Understanding Tech Neck and Zeinah’s top tips to help reduce painful symptoms
There is no doubt about it, everyone is at it, including our children. Heads down looking at a screen for endless hours (if you add it all up in a day). Unfortunately, this can be a path to pain and disability, extended periods of time with our heads and necks in a forward flexed position.
Looking at the picture of this x-ray. The image on the left shows head and neck in normal alignment. There does appear to be some early stages of osteoarthritis and some loss of the cervical lordosis (natural curvature of the neck). However, if we look at the picture on the right with the head and neck flexed the anterior vertebrae are compressed and although we cannot see soft tissue here, the neck flexors will be shortened and the muscles at the back of the neck are elongated and having to work extra hard to correct his eye level to a horizontal position. There will be muscle fatigue, weakness and nerve root irritation.
So, in a nutshell, here are some of the potential physical issues for a ‘tech neck’;
- Neck pain
- Thoracic outlet syndrome (nerve pain around shoulder, neck and arm)
- Eye strain
- Thoracic and lumbar back pain
- Digestive issues
- Respiratory issues
Top tips to prevent pain
- Do not spend more than 15-20 mins in one session with your head and neck in this position. Get up and move around or even better do some stretches to neutralise the spine.
- Work on building strength in the posterior muscles of the neck to give you extra support.
- Bring your device up to your eye level with your head resting back on a head rest.
- If you start to get pain, stop what you are doing and contact me. Osteopathic treatment can help with your symptoms as well as educating you about your body and what you can do to prevent further recurrences of your injury.
For more information contact Zeinah on 9452 2292 or book an appointment on the Village Health booking service.
Neck flexor strengthening 1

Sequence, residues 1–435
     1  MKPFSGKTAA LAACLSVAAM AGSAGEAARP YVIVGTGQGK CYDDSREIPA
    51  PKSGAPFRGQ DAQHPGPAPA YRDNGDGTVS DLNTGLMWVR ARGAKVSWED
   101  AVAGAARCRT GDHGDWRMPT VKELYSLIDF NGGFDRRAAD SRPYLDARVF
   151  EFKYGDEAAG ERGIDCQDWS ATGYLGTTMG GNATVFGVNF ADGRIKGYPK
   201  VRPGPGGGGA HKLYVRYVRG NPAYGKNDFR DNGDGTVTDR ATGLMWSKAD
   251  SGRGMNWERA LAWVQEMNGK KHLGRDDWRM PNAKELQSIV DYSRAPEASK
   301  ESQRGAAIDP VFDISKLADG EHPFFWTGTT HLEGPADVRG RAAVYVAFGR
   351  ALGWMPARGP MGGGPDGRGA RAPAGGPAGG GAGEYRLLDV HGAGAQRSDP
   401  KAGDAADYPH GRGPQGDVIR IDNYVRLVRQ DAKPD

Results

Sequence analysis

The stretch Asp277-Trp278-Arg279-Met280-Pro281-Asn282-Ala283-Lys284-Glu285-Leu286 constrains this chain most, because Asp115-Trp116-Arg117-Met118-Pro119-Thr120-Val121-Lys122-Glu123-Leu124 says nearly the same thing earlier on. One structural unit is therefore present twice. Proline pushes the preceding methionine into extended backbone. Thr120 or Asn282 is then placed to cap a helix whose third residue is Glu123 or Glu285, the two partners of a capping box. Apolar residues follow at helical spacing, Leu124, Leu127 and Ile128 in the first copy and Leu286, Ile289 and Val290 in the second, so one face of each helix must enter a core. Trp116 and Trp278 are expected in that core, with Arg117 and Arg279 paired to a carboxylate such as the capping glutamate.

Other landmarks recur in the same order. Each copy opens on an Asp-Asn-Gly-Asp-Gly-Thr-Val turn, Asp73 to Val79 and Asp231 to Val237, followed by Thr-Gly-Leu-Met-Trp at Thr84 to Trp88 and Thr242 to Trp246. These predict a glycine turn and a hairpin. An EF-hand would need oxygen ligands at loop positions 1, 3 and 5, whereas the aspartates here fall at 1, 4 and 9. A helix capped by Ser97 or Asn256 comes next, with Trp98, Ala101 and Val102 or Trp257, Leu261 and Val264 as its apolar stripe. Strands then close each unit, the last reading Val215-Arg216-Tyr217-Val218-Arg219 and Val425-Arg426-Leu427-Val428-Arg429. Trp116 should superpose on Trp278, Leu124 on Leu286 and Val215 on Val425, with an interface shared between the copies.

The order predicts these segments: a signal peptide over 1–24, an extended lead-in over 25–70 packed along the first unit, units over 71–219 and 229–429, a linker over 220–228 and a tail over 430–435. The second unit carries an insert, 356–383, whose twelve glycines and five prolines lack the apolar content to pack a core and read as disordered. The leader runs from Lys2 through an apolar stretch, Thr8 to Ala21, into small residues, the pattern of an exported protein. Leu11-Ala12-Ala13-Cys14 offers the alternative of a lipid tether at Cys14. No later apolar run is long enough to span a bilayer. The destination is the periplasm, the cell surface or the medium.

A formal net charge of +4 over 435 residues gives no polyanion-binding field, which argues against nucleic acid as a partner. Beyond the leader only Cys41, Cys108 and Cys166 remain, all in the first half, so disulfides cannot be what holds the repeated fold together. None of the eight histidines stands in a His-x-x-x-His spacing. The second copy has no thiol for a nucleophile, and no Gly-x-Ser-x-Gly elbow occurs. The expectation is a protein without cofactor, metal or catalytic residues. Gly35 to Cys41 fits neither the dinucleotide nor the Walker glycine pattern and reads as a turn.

Lie on your back, and lift your head off the floor/bed while tucking your chin in slightly. You should feel the muscles at the front and side of your neck contracting. Use a pillow if that feels more comfortable.
Repeat 5 times
Superficial neck Extensor strengthening
Kneel down on the floor, or on a bed, so you are on your hands and knees. Move your neck downwards, into full flexion (bend). Extend your neck as if you were to look up at the ceiling. Imagine you are rotating your head upwards around an axis going through your ears. This will help to strengthen your superficial neck Extensors.
Repeat 10 times
Lying flat, tuck your chin down to your chest reducing the gap between your neck and the floor. You will feel a gentle stretch at the top back of your neck. Hold this position, and then relax. Repeat as required.
Hold for 5 sec | Repeat 5 times
Improving neck Hyperlordosis 2
Lying on your back, place a rolled up towel (of approximately 4 inches/10cm diameter) under your neck. You should feel the towel pushing upwards into your neck. This is a great exercise for people who spend too much time forward flexing their necks, e.g. computer and laptop users.
Hold for 3 mins
Upper cervical rotation with full flexion
Sitting with good posture, tuck your chin to your chest (or as far as feels comfortable). Gently rotate your neck by no more than two inches each side. This will help improve your upper neck rotation.
Repeat 5 times | Perform both sides
Neck side flexion overstretch 2
After 30 sec tuck your chin and very slightly rot your head so eyes are looking towards armpit.
Towel extension horizontal